Fungal Infection Trust
June 2016
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Highlights of this month...

Biofilms, diagnostics and treatment

Aspergillus species are prolific biofilm producers and so biofilms are of much interest to clinicians and researchers when faced with optimising treatment of Aspergillus infections as it has been established that once a growing isolate has formed a biofilm it becomes more difficult to treat with antifungal drugs, resistant to immune system effectors and also potentially more difficult to detect with diagnostic tests.
 
This review discusses how diagnostics services can quickly test isolates of Aspergillus for biofilm-forming activity, quantifying them as low, moderate or high biofilm producers. Biofilm activity correlate with the susceptibility of each isolate to antifungal drug treatment in vitro and may also correlate in vivo so this information may be of fundamental importance both to the clinician treating deep internal infection sites and those treating biofilms on invasive medical devices such as catheters.
 
Diagnostics can test antifungal susceptibility of isolates by allowing them to form biofilm prior to treating with antifungal drugs, and this technique is also useful to test novel drugs intended to disrupt biofilms and thus increase the effectiveness of antifungal therapy.
 
Biofilms may well be useful targets for the development of new approaches to the treatment of fungal infections. As researchers start to discover genes and gene products that are modulated in biofilm-forming fungi (and thus correlate with increased resistance to antifungal drugs) they may well discover new clues in the battle against drug resistance.
News
The Mycelium Comedian Visits the National Aspergillosis Centre and attempts to make mycology more accessible to the public!
 
Damp homes Symptoms reported by people who live in damp, mouldy homes have a long been puzzled over by the medical community as attempts to study the phenomenum have often been frustrated by variable, inconsistent results. Recently updated reviews have formally accepted that damp homes can cause asthma in children but the mechanism involved remains unsolved.

Doctors tend to treat allergies in these patients, however this month NIH researchers have reported some progress on this subject using a mouse model for inhalation of fungal spores. They find that both allergic and inflammatory responses can be triggered by inhaling spores and suggest that doctors treating patients reporting illness caused by damp homes should be mindful to treat both aspects rather than allergy alone.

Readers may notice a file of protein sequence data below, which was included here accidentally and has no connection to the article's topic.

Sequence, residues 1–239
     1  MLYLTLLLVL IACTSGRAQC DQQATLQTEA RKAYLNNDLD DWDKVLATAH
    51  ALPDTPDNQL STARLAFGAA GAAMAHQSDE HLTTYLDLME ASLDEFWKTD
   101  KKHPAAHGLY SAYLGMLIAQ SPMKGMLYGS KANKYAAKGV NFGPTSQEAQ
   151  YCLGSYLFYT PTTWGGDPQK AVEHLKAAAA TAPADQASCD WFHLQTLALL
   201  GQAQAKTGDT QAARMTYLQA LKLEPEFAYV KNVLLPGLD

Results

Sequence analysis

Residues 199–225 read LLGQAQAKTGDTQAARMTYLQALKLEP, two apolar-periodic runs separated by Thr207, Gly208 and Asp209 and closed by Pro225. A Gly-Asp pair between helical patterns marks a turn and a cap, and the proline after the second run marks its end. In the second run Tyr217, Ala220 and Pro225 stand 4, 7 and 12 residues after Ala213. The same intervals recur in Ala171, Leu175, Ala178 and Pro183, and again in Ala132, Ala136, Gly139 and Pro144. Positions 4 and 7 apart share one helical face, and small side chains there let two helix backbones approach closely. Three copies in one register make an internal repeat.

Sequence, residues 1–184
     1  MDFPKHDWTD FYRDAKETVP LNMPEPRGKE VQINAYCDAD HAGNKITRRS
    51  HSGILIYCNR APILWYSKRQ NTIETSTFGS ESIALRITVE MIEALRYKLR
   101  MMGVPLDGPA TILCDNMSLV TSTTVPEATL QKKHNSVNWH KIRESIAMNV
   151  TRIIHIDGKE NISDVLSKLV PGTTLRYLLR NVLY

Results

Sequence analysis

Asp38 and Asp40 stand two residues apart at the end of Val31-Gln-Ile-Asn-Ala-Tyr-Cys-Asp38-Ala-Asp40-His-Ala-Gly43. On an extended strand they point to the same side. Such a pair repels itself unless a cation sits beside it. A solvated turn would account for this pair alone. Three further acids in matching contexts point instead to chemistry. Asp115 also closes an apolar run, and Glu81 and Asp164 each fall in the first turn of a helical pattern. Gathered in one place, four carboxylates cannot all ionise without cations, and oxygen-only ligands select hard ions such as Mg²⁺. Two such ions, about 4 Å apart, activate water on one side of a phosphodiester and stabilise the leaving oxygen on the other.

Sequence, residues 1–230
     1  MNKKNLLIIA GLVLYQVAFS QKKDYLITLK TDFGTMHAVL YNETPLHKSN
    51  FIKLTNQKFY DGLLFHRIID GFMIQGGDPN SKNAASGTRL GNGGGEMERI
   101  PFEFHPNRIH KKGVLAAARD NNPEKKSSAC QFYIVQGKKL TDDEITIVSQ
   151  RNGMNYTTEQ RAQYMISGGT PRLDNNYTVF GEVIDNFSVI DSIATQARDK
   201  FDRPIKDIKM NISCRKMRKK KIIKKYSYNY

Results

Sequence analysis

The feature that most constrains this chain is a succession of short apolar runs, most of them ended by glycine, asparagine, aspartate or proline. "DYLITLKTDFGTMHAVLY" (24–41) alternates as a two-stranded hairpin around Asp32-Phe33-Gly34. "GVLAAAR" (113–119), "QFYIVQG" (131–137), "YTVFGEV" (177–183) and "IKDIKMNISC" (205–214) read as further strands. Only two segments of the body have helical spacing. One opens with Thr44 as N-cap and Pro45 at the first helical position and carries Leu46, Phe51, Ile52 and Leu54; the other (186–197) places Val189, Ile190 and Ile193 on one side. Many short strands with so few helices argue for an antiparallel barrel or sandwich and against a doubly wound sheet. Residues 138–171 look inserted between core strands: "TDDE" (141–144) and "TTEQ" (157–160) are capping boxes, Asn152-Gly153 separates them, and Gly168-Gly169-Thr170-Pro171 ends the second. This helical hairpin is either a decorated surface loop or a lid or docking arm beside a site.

Check out CPA patient Stewart Armstrong's daily vblog An eye-opening account of what living life with aspergillosis is like, every day!
Featured Website Section
This new section lists many of the new candidate drugs in development that have some activity against Aspergillus. For brevity we have tried to limit the list to those that have at least successfully passed through a phase one clinical trial. Likewise when a new drug is finally approved for use against aspergillus we will remove it from the list, moving it to the treatment section of the website.
 
The information we are storing about each drug & trial comes from a variety of resources including clinicaltrials.gov, business news and conference abstracts, as well as any articles if available.
 
 
Search engine: Every item of information on the website is indexed by our dedicated search engine. You can refine search results by title, date, author, section (i.e. content type) so you should always be able to find what you need. 
Articles
Owning a pet was associated with ABPA in patients with CF. Future prospective multicenter longitudinal studies are needed to investigate chronological causality between pet ownership, ABPA development, and pulmonary exacerbations and to determine whether these estimates are generalizable for ABPA susceptible patients beyond CF (asthma, bronchiectasis).
 
Detection of Aspergillus fumigatus in Blood Samples from Critically Ill Patients in Intensive Care Units by Use of the SeptiFast Assay.
We retrospectively analyzed the performance and relevance of the SeptiFast assay in detecting Aspergillus fumigatus DNA in whole blood samples from 38 critically ill intensive care unit (ICU) patients with probable or proven invasive aspergillosis (IA) and 100 ICU patients without IA. The assay exhibited 66% sensitivity, 98% specificity, a 93% positive predictive value, and an 88% negative predictive value. A. fumigatus DNAemia was associated with poor outcome.
Reviews
Development of enzyme technology for Aspergillus oryzae, A. sojae, and A. luchuensis, the national microorganisms of Japan